Bronco News

Then and Now

Then and Now
by Kathryn Kale ’86 |
Study abroad turns 50. Happy birthday! Come celebrate with us on a trip to England in summer 2014.

This year marks half a century since the late Richard Coz, S.J., formally launched Study Abroad at Santa Clara. What started out as a small program for 30 to 40 students each year has grown tenfold. Today, more than one-third of all SCU undergraduates have the opportunity to develop a deep understanding of the global context of their lives and work while studying in places such as Italy, Argentina, and South Africa.

From 1963 to 1995, Fr. Coz taught economics, officiated at rugby matches, and photographed numerous sporting and student-sponsored events. He also created the Durham, England, study program, which quickly became a popular summer abroad destination for many Broncos. His international economics course, annual pub crawl, field trip to Stratford-upon-Avon, and Elizabethan banquet—complete with mead, but without utensils—were staples and treasured memories of this annual experience for more than 20 years.

To honor Fr. Coz’s contributions and the 50th anniversary of the Study Abroad Program, the Alumni Association is proud to announce Then & Now—SCU in England, our alumni travel destination for summer 2014.

Past meets present as we travel from London to York to Durham on this distinctively Bronco study abroad excursion. Tim O’Keefe, professor emeritus of history, and Dennis Gordon, former executive director of international programs and current chair of the political science department, will lead us on personalized tours, share insider’s knowledge and little-known facts, offer educational lectures, and contribute their 50-plus combined years of English history, politics, geography, and Santa Clara connections.

Trip highlights include a matinee at Shakespeare’s Globe Theatre, a reception with local alumni and SCU students currently studying in London, a trip to Fountains Abbey, a visit to the Holy Island of Lindisfarne, dinner in Durham Castle, a visit to Hadrian’s Wall, and plenty of free time to explore and find your favorite pub.

We also recently received approval from Durham Cathedral to place a commemorative bench on the River Wear in honor of Fr. Coz. We will host a dedication ceremony while in Durham to permanently recognize and memorialize Fr. Coz for his role as the founding father of the Study Abroad Program. I’m sure a goblet of mead will be in order!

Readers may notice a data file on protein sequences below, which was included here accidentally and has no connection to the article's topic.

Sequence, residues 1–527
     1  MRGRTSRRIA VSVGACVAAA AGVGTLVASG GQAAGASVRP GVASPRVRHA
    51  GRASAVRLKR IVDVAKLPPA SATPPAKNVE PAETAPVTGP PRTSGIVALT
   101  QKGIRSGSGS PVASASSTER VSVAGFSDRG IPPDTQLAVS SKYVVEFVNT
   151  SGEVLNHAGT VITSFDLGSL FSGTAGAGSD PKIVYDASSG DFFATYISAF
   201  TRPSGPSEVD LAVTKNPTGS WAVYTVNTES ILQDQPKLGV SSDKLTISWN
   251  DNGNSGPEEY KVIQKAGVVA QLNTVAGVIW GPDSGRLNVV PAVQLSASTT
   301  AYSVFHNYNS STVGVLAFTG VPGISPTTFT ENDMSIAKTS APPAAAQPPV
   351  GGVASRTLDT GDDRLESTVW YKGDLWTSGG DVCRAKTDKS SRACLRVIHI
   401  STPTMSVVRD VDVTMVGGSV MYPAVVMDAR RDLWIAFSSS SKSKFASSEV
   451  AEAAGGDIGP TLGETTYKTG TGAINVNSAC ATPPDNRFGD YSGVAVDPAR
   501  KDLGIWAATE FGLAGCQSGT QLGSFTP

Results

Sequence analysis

Visit our website to learn more about Then & Now—SCU in England.

My one regret during my time as a Santa Clara student was not studying abroad. But I realize it’s not too late! So whether you want to relive a fond memory or create a new one, I hope you’ll join me on what I know will be a rich learning experience, memorable journey, and unique opportunity for a global context in our lives and work.

Go Broncos!

Kathryn Kale ’86
Assistant Vice President for Alumni Relations


Winter 2014

Table of contents


Rise up, my love

There are the sanctuaries built for worship—and that carry beauty and grace for all to see. Then there are the improvised places of faith, perhaps more subtle in how they speak to the wonder worked there.

The chaplain is in the House

With the way things have gone recently in Congress, looking to the heavens for some help and guidance might seem like a very good idea. In fact, that’s what Pat Conroy, S.J., M.Div. ’83 is there to do.

Welcome to Citizenville

Who published the one book on government in 2013 that conservative firebrand Newt Gingrich told all true believers that they should read? Well, the author is now lieutenant governor of California. Before that, he was mayor of San Francisco. That’s right: It’s Gavin Newsom ’89.

Mission Matters


Women’s soccer wins the West Coast Conference championship.

Patent trolls, beware

The White House has brought on SCU’s Colleen Chien, a leading expert in patent law, as senior advisor.

A sight of innocence

George Souliotes went to prison for three life sentences after he was convicted of arson and murder. Twenty years later, he’s out—after the Northern California Innocence Project proved he didn’t do it.